But you're not TOTALLY vulnerable to them. Because you know what? You can harden the fuck up, snowflake - facts don't care about your feelings and all that.
You can see that two skills are attached to each meter. and each meter has 9 dots. Lets look at Unnatural specifically.
So you can probably see that by having a score of 60 in Notice, you have a score of 20 in Secrecy, and Vice Versa. In theory, your character untouched will be at the top of the "Notice" side of things. You are curious about the world, you see things. Nothing has hurt you. If some strange thing happens to you and you fail your stress check, instead of ticking off the box, you can choose to Harden Up. Hardening up means you fill in dots equal to the level of the stress (between 1 and 10). So with a completely clean slate, your Notice is 60% and your Secrecy is 20%. Mark off the first box and your Notice is now 55% and the Secrecy is 25%.
Once you mark off that level 1 box, you'll never be phased by Level 1 Unnatural stressors again. You've just accepted it and it can't hurt you any more. Of course, in a longer game, there's only so many psychological calluses that can form before something starts to go wrong with you as a person, but this is a one-shot so there not need to worry about it too much.
I know what you're thinking - "Lying Cat, these skills are incredibly vague, and it's a bit hard for me if I wanted to be an introverted Private Investigator - wouldn't that mean I needed high Notice and high Secrecy? Well, yes. This brings us on to the last section. And probably the most fun.
Your Identity or Identities are who you are. If you were making characters, you would have 120% of points to spend on as many identities as you like, but the more you have the weaker they'll be. These completely override your skills and they can be absolutely anything at all. It's totally freeform, you just need to be able to justify it in conversation.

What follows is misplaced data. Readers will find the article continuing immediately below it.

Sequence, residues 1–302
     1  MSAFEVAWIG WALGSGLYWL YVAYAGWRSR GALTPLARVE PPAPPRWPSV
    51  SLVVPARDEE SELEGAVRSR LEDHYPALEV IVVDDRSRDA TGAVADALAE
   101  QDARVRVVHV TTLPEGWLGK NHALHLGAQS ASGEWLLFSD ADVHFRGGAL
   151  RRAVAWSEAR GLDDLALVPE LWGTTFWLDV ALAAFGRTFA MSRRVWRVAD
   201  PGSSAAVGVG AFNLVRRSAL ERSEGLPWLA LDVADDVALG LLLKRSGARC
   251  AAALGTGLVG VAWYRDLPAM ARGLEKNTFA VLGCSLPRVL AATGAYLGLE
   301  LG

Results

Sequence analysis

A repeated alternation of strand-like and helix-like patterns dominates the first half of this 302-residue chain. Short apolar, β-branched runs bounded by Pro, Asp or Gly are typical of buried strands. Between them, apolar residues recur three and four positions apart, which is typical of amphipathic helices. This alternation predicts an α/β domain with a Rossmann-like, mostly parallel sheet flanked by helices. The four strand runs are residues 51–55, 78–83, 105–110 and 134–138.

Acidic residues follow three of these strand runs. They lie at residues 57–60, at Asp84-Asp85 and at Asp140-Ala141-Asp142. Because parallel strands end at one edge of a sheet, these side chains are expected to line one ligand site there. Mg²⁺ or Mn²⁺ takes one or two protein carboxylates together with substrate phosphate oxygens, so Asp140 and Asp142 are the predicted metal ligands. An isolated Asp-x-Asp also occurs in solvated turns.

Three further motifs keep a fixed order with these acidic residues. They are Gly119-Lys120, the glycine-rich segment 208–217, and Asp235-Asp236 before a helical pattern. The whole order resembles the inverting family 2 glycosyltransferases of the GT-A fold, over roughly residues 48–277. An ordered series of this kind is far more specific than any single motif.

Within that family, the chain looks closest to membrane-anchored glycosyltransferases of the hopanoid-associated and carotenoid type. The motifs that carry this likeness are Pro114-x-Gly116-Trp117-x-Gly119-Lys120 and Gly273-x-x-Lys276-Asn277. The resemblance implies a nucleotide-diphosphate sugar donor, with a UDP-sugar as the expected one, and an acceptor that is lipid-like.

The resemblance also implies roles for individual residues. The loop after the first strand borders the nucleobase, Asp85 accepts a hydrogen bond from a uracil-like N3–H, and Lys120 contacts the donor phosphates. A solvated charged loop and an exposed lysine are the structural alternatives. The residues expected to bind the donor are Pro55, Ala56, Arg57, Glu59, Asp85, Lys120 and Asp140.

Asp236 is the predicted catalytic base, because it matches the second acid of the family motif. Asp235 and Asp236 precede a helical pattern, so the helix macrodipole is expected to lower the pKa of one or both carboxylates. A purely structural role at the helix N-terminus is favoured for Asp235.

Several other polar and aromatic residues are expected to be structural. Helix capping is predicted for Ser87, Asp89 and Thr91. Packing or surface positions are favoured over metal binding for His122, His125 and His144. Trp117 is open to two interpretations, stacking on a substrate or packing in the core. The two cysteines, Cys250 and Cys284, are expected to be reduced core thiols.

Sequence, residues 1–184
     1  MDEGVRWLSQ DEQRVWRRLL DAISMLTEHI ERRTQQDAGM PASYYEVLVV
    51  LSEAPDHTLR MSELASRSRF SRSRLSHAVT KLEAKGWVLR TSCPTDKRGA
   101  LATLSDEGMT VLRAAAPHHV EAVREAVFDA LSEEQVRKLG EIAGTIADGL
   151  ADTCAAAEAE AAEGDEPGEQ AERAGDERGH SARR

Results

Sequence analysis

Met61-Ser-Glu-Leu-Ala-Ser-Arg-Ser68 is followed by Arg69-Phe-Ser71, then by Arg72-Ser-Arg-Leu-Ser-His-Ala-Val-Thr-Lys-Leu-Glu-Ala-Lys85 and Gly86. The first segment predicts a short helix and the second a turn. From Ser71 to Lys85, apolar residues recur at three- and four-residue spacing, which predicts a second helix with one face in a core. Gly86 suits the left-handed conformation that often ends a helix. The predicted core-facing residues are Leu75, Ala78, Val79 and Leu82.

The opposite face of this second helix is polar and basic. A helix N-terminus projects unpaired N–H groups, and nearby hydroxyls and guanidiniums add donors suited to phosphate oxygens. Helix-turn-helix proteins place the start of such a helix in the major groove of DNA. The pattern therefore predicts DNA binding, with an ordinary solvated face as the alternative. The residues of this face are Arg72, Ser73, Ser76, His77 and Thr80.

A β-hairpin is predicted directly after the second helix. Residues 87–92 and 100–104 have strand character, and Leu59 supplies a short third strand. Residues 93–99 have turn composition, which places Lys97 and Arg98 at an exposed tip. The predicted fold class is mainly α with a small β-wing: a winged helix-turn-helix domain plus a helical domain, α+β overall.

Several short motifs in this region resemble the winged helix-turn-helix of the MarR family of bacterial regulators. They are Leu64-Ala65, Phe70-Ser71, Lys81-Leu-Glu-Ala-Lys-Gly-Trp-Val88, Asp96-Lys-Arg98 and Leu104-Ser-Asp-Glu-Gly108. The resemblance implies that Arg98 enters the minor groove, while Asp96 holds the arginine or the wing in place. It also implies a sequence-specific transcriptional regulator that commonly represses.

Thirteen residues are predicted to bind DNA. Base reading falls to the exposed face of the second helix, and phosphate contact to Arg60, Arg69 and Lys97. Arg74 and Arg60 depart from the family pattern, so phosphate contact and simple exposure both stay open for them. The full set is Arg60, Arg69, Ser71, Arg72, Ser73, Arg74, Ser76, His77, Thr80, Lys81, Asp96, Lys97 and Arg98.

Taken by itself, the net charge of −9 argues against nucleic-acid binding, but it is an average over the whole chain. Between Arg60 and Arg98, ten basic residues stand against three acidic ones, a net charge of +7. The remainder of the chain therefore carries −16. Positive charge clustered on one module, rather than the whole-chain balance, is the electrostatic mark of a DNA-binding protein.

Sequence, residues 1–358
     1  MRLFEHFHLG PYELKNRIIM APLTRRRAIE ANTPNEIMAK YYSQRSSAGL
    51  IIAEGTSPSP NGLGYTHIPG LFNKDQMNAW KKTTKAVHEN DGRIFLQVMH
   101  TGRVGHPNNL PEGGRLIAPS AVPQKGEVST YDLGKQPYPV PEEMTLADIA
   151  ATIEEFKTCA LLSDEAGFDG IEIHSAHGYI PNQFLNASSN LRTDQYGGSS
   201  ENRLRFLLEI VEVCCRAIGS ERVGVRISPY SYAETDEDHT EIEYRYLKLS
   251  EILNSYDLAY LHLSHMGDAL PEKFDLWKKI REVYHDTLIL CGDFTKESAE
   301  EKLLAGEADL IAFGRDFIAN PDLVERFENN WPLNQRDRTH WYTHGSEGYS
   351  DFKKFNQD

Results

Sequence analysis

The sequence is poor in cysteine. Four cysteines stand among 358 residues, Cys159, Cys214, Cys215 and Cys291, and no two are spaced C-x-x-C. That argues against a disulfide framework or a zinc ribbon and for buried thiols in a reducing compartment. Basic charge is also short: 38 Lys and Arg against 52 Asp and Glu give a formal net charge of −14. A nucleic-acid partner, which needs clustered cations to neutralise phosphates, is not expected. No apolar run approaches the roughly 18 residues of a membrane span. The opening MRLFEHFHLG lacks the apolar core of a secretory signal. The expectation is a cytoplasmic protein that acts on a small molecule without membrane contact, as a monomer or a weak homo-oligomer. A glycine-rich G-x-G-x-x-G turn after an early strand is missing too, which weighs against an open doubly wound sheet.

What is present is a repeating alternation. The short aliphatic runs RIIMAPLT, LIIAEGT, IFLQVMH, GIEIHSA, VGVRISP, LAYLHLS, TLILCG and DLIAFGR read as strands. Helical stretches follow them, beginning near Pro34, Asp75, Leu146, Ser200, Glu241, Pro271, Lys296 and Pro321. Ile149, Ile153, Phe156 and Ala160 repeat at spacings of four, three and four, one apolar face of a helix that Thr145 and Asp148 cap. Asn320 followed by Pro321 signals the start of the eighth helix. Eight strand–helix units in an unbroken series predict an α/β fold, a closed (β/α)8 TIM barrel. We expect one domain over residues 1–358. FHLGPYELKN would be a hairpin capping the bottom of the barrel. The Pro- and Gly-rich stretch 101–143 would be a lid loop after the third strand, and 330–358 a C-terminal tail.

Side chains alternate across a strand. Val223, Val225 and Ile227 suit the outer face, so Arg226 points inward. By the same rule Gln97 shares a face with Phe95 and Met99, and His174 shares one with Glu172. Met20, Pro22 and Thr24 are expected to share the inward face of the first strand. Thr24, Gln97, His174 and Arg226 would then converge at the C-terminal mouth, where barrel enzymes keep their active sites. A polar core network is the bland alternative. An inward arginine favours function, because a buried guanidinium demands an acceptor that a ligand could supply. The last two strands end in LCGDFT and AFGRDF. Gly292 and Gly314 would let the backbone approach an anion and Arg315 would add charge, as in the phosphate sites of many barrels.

So you might say "I am a Private Investigator, of course I can Notice Clues at a Crime Scene". And since you probably put 60% into Private Investigator, that means you're not rolling your useless score of 20% on the Meter, you're rolling 60% because that's who you are. Private Investigator is a pretty simple example. One of the pre-genned characters has an identity of "I'm not going to take this shit any more", so you can start to think about what this might substitute for in the world of a shelf stacker. These identities are only vaguely defined in terms of stats, and are about roleplaying. In a longer term game, these Identities improve whenever you fail a roll with them - after all, you get better by picking yourself up and trying again.
So that's the core of it. The strangest part is not being able to define your core skills specifically as they're slightly out of your hands because of your stress levels, but the Identities heap a whole bunch of control and flexibility right back to you, and let you be properly creative with it.